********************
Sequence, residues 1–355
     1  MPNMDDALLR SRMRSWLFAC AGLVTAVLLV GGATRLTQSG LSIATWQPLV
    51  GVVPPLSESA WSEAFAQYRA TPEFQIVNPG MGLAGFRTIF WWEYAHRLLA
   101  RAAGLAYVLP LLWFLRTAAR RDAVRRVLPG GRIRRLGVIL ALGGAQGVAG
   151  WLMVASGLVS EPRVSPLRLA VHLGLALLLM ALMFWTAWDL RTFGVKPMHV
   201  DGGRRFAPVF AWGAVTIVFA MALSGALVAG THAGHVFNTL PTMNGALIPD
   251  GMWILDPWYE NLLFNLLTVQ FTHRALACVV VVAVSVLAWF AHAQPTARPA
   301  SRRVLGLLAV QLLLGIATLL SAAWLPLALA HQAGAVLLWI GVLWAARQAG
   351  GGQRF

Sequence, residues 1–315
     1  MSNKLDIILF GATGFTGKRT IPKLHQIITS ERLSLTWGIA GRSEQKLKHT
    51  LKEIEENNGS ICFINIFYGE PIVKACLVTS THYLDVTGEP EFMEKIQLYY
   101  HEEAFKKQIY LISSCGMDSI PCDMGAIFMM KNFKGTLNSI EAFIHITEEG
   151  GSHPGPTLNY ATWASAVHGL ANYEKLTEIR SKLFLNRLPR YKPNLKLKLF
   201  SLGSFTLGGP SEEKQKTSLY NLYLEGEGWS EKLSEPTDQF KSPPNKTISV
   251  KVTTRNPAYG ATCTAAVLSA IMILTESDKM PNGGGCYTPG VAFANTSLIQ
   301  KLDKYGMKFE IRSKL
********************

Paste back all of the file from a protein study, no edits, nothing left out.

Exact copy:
Sequence, residues 1–355
     1  MPNMDDALLR SRMRSWLFAC AGLVTAVLLV GGATRLTQSG LSIATWQPLV
    51  GVVPPLSESA WSEAFAQYRA TPEFQIVNPG MGLAGFRTIF WWEYAHRLLA
   101  RAAGLAYVLP LLWFLRTAAR RDAVRRVLPG GRIRRLGVIL ALGGAQGVAG
   151  WLMVASGLVS EPRVSPLRLA VHLGLALLLM ALMFWTAWDL RTFGVKPMHV
   201  DGGRRFAPVF AWGAVTIVFA MALSGALVAG THAGHVFNTL PTMNGALIPD
   251  GMWILDPWYE NLLFNLLTVQ FTHRALACVV VVAVSVLAWF AHAQPTARPA
   301  SRRVLGLLAV QLLLGIATLL SAAWLPLALA HQAGAVLLWI GVLWAARQAG
   351  GGQRF

Sequence, residues 1–315
     1  MSNKLDIILF GATGFTGKRT IPKLHQIITS ERLSLTWGIA GRSEQKLKHT
    51  LKEIEENNGS ICFINIFYGE PIVKACLVTS THYLDVTGEP EFMEKIQLYY
   101  HEEAFKKQIY LISSCGMDSI PCDMGAIFMM KNFKGTLNSI EAFIHITEEG
   151  GSHPGPTLNY ATWASAVHGL ANYEKLTEIR SKLFLNRLPR YKPNLKLKLF
   201  SLGSFTLGGP SEEKQKTSLY NLYLEGEGWS EKLSEPTDQF KSPPNKTISV
   251  KVTTRNPAYG ATCTAAVLSA IMILTESDKM PNGGGCYTPG VAFANTSLIQ
   301  KLDKYGMKFE IRSKL